3. An increasing number of professional theatre companies are choosing to produce work in Waverley. The Farnham Maltings has become a lively hub for the region’s touring companies while the New Farnham Repertory Actors Company has developed a popular season of plays that has become an annual cultural event in Farnham.

4. While the production of professional theatre appears to be thriving in Waverley there are issues associated with the style and sustainability of the work.

5. The work produced at the Farnham Maltings is designed for rural touring, which is one of the most effective ways of recouping the costs of production. However there is a perception that the work produced locally is not created for local audiences and subsequently it is often overlooked and undervalued in the place where it is made.

6. In contrast, the New Farnham Repertory Company produces large-scale plays, which involve local volunteers in the cast and backstage. The plays, which are mainly performed outdoors under a marquee, attract good audiences but incur high production costs and the company struggles to break even.

7. In the absence of a dedicated space for professional theatre in the borough, touring provides the greatest potential to extend opportunities to access professional theatre performances. However, the relationship between the audience and the work is vital and more needs to be done to ensure that promoters in the community are informed of and enthused by the work available.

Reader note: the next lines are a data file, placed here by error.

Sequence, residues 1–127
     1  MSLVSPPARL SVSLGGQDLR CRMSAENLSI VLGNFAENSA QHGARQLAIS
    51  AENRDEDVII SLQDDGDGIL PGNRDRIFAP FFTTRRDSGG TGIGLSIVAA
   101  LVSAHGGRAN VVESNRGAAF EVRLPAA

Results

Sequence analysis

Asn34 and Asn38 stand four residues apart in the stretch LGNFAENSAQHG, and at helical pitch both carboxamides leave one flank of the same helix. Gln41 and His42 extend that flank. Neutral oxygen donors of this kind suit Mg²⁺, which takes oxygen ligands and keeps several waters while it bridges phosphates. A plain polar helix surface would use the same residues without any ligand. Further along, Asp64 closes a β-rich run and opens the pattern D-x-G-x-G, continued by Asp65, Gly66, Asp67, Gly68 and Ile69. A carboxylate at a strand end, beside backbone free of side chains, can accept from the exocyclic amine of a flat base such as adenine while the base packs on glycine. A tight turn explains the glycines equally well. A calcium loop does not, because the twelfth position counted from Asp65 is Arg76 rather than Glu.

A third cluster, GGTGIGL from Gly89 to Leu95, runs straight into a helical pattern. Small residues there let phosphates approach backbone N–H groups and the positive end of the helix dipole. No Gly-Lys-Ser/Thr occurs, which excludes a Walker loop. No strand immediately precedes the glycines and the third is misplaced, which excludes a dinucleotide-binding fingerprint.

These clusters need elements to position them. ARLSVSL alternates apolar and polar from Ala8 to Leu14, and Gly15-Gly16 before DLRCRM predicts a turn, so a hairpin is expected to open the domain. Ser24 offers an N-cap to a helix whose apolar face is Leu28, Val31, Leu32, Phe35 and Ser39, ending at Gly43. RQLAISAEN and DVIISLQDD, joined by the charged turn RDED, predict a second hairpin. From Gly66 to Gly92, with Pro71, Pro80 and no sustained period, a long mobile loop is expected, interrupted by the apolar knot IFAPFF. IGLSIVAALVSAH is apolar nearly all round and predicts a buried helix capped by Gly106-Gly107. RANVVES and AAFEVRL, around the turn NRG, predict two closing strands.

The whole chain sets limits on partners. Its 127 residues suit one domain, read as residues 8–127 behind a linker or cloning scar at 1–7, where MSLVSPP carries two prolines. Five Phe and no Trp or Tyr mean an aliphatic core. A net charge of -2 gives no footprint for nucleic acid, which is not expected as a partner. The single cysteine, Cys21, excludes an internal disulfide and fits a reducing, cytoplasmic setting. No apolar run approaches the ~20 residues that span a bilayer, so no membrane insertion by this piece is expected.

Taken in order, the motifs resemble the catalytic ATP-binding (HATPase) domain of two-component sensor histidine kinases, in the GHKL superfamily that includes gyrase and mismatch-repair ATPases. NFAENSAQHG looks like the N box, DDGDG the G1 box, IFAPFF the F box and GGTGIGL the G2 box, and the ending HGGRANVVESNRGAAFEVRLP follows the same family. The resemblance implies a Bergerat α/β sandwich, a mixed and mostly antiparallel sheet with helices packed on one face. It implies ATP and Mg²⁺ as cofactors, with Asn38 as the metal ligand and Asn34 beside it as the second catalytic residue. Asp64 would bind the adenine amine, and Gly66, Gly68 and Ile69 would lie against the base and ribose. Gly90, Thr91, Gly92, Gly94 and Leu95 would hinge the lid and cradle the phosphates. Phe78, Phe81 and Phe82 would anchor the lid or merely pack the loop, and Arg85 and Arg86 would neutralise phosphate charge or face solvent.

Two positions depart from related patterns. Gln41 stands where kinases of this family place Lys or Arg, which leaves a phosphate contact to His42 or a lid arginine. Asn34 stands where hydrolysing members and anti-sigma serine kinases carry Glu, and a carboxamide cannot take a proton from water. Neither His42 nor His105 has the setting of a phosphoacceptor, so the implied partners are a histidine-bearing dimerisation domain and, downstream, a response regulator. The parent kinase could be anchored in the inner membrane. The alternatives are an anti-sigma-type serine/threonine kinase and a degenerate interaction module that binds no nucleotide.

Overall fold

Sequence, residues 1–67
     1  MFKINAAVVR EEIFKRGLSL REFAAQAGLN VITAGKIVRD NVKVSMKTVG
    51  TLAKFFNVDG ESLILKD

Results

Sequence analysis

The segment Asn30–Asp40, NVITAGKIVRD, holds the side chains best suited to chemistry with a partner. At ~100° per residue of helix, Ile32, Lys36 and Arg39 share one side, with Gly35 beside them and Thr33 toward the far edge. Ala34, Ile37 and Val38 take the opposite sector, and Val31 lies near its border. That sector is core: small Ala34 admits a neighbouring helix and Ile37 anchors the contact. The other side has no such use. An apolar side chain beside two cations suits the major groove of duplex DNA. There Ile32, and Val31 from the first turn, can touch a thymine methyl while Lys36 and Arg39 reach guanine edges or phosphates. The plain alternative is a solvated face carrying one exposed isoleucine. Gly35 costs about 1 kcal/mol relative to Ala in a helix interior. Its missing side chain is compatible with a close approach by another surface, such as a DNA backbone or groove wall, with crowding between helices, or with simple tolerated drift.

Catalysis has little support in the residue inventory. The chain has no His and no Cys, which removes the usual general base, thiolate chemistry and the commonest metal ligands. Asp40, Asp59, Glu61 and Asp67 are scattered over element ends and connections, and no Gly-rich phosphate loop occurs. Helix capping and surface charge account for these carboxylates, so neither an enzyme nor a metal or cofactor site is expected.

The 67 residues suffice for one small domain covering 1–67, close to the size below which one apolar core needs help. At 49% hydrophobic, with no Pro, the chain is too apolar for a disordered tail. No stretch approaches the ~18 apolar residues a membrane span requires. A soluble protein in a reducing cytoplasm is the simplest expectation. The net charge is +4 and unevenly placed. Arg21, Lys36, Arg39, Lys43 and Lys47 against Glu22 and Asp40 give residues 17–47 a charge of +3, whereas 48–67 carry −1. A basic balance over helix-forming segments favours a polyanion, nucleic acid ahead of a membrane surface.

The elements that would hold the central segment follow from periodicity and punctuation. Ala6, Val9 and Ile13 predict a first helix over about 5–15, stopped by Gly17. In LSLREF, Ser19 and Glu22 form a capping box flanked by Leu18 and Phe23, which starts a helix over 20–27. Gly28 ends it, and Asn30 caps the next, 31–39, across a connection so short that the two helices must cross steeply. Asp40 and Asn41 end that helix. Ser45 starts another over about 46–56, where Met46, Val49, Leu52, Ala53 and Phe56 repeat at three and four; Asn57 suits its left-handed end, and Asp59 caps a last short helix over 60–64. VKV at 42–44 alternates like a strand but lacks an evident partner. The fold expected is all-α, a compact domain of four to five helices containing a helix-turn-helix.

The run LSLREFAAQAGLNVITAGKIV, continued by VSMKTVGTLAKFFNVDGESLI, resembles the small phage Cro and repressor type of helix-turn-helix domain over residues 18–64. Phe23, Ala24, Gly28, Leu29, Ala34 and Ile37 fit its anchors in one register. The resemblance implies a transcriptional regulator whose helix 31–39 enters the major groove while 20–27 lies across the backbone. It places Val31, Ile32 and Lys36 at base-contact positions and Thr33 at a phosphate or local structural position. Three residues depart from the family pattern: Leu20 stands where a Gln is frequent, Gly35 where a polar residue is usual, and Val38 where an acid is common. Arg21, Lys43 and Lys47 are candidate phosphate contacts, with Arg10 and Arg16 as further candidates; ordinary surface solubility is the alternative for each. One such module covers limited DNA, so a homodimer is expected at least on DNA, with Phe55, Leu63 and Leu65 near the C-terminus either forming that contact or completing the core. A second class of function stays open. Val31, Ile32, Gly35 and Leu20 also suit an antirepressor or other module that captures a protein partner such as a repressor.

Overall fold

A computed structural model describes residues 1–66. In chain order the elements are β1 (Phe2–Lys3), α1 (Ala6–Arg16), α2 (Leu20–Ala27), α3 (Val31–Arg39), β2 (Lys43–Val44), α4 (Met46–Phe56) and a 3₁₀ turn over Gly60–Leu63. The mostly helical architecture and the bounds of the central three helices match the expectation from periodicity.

Amateur Theatre Groups

8. Waverley has a strong tradition of amateur theatre and there are a great many groups providing entertainment in village halls across the borough. However a number of factors are threatening their existence in the longer term.

9. The rising cost of venues for rehearsing and performing is making it expensive and increasingly difficult for amateur groups to stage productions and most have to rely on year round fundraising and the support of core audiences. Staging and technical facilities vary greatly from hall to hall and some groups have expressed concern over the safety of equipment. Companies struggle to find directors and backstage crew and there are significant skill shortages in the more technical aspects of theatre production. Their choices of material combined with the demands of daily life, can make it difficult for amateur dramatic companies to attract and retain younger members, especially those in the 18 to 40 age range. This can lead to an ageing membership and influence the average age of the audience.